My American guests were thrilled with the results, and I rested easy knowing that I had helped spread the gospel of nanaimo bars to the rest of the world.


I Ate This: Bacon Guacamole Sandwich

Sandwiches became famous for their simplicity — after all the Earl of Sandwich was looking for an easy way to eat without stopping his card game — but they can be surprisingly tricky for us home chefs.

Inevitably my home sandwich dreams seem modest to begin with and then quickly spiral out of control. A craving for a nice pastrami sandwich turns into buying a whole loaf of rye bread when I only need 2 slices. If I want to make my own club sandwich (my favorite kind!) I end up either spending $9 on a whole pre-roasted chicken or taking the time to roast one myself. Often by the end of the day I have a sandwich, but it either cost me $20 to make or I just spent 5 hours on a side quest learning how to bake brioche buns.

So when it comes to a good summer sandwich, my goal is simplicity and turning on the stove as little as possible. This summer, I am all about the bacon guacamole sandwich.


It’s simple and delicious, and also by using avocado instead of any mayo or dressing it has a lot of healthy fats. (And some unhealthy fats, because c’mon.)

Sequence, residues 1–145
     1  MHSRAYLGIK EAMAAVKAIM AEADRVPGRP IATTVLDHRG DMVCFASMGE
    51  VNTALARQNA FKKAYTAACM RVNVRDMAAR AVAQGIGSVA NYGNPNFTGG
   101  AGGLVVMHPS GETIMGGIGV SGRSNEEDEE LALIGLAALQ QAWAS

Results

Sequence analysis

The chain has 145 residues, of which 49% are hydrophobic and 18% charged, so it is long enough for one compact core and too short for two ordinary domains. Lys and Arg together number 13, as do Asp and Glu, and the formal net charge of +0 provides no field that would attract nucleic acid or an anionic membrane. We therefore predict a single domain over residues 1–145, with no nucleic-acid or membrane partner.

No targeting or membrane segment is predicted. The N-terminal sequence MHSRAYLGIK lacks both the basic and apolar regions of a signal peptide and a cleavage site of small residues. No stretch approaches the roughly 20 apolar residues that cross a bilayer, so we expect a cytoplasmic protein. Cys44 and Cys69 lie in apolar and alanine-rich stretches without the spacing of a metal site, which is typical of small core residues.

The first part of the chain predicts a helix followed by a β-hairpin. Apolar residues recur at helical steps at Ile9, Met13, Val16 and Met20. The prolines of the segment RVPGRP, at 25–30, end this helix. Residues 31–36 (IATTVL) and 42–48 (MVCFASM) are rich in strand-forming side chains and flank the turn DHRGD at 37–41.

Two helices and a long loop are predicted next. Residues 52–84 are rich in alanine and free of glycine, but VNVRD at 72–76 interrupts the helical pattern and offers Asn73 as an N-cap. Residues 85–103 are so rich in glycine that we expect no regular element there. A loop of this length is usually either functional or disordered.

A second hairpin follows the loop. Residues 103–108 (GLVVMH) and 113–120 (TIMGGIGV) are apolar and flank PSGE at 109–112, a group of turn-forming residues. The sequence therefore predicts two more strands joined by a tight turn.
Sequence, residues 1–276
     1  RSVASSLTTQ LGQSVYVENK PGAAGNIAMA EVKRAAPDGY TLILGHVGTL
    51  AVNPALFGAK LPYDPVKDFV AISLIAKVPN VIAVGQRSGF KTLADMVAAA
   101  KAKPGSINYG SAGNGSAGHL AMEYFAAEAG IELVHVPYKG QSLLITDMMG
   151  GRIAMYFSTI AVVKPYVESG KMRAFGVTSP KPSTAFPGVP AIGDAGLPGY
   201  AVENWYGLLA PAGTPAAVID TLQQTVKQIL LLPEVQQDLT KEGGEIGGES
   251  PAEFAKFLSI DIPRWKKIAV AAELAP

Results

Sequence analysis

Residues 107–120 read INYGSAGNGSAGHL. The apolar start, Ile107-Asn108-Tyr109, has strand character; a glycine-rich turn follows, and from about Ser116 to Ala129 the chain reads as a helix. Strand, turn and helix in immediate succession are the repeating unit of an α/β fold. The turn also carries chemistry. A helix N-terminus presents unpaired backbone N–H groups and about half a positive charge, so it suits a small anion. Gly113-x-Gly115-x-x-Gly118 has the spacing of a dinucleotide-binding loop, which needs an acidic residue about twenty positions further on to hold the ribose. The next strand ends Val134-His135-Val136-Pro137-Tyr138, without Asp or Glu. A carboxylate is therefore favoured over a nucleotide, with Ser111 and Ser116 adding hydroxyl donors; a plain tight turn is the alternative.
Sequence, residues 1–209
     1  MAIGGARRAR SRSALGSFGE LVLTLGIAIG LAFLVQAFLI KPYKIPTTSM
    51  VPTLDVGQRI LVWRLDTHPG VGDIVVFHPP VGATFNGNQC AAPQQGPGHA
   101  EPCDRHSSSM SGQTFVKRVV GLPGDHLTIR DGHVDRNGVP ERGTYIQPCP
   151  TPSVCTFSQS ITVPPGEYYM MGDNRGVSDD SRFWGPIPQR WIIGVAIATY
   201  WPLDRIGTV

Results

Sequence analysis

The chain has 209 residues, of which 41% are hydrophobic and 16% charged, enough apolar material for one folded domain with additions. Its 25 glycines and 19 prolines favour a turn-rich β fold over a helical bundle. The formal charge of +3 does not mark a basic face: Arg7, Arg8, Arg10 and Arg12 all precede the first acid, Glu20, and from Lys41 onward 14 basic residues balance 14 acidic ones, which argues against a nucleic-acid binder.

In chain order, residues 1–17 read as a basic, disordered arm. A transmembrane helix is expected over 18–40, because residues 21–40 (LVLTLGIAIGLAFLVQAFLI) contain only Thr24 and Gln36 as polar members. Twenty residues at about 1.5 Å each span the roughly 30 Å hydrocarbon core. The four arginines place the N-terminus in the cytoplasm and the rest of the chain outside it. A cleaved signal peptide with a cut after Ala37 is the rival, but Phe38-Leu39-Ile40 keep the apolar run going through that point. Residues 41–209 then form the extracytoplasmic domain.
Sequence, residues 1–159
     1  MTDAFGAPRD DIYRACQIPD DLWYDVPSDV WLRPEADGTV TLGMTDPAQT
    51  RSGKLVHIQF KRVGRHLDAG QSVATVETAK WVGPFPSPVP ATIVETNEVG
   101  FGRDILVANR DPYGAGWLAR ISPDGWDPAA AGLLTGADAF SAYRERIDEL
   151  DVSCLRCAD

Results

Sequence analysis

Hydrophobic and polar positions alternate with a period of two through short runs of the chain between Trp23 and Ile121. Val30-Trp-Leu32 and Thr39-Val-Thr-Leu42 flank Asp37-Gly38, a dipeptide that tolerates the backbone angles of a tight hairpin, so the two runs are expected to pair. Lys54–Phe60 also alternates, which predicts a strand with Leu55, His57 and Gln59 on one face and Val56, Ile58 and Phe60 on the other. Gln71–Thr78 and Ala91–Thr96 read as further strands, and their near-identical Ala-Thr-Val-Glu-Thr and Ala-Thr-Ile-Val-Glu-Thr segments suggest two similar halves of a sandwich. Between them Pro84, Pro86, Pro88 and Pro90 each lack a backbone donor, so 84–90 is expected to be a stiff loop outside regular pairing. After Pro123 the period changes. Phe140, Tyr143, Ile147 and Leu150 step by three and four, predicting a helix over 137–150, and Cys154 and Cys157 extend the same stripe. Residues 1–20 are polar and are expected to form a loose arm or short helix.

Bacon Guacamole Sandwich
Makes 2 sandwiches

1) Remove the skin and the pit from one avocado. Put it in a bowl and mash it up.
2) Chop up half of a small red onion and a few tablespoons of fresh cilantro. Mix them in with the avocado.
4) Add a couple of squirts of lemon juice and a very light sprinkle of salt.
3) If you like spicy (I do!) add some red pepper flakes.

If I’m making guacamole for dipping I usually go a bit more complicated, but this is just part of a bite so don’t sweat the small stuff.

5) Wrap 4-6 pieces of bacon in paper towel, put them on a plate, and throw the plate in the microwave for roughly 3 minutes.

Again, on its own I prepare bacon differently — crispy or die! — but for a sandwich you want it to be meaty and chewy.

6) Grab a delicious fresh ripe red tomato and cut it into slices. You’ll need 4-6 for two sandwiches.
7) Get some bread or a bun or whatever you have on hand. Lightly toast it.
8) Combine everything! Spread half of the guac on the bread, add tomato and bacon slices.
9) Eat the sandwich.

You made a sandwich in 15 minutes, you didn’t have to turn on your stove, and it’s super delicious. Summer is served!

Jessica, aka Liore, can usually be found griping about video games on her blog and podcast at Herding Cats, or on Twitter. She likes saying “flavor profile” and going light on the carbs, and dislikes measuring things. Jessica is currently obsessed with Korean cuisine.

Recipe: Small Batch Napa Kimchi

Kimchi is apparently a trendy food item right now, and as much as I try to resist that stuff I have to give it to trendsetters this time: kimchi is delicious, healthy, and cheap. It packs an amazing amount of flavor into every spoonful with a combination of spicy and sour, and although it can be quite salty it also is loaded with antioxidants. (There are even some reports that kimchi and other fermented foods can help lower blood sugar, although that’s still on the speculative side of science.)